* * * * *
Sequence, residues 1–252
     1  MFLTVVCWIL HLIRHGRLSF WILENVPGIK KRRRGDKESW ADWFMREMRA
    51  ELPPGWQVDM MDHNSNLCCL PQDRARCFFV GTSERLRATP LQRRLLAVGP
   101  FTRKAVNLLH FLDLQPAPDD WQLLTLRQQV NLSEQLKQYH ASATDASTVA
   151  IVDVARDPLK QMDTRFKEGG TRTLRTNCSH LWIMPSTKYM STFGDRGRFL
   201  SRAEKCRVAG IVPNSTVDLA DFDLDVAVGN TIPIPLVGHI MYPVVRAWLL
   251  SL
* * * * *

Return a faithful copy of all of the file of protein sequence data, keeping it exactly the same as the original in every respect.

Sequence, residues 1–252
     1  MFLTVVCWIL HLIRHGRLSF WILENVPGIK KRRRGDKESW ADWFMREMRA
    51  ELPPGWQVDM MDHNSNLCCL PQDRARCFFV GTSERLRATP LQRRLLAVGP
   101  FTRKAVNLLH FLDLQPAPDD WQLLTLRQQV NLSEQLKQYH ASATDASTVA
   151  IVDVARDPLK QMDTRFKEGG TRTLRTNCSH LWIMPSTKYM STFGDRGRFL
   201  SRAEKCRVAG IVPNSTVDLA DFDLDVAVGN TIPIPLVGHI MYPVVRAWLL
   251  SL